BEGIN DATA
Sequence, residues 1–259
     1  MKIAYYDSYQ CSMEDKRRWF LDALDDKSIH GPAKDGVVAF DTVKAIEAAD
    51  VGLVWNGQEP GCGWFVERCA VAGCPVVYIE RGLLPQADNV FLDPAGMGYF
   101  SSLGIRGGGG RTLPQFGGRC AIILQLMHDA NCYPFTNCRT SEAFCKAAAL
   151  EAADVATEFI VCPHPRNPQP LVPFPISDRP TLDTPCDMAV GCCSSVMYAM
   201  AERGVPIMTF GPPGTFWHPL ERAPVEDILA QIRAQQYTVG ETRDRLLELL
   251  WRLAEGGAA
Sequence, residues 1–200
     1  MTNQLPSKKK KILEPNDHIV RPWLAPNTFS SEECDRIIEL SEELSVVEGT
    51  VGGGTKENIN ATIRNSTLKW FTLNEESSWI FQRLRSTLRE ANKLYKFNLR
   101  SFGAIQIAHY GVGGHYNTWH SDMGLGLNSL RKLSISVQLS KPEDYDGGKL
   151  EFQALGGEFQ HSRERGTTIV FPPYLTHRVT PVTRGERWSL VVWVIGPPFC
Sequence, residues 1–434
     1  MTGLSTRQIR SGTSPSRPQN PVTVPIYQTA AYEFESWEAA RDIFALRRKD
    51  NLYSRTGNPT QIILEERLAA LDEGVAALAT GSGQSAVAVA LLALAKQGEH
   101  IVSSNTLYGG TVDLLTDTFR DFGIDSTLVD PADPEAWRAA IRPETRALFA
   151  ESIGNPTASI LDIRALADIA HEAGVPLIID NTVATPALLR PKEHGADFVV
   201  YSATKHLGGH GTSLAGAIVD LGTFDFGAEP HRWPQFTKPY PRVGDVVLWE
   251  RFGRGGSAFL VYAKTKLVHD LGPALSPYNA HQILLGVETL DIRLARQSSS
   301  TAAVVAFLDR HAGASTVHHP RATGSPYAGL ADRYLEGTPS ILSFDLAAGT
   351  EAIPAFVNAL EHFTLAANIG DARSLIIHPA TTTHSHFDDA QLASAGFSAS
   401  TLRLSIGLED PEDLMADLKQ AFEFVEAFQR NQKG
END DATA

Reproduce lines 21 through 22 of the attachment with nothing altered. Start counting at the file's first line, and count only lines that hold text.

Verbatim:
   351  EAIPAFVNAL EHFTLAANIG DARSLIIHPA TTTHSHFDDA QLASAGFSAS
   401  TLRLSIGLED PEDLMADLKQ AFEFVEAFQR NQKG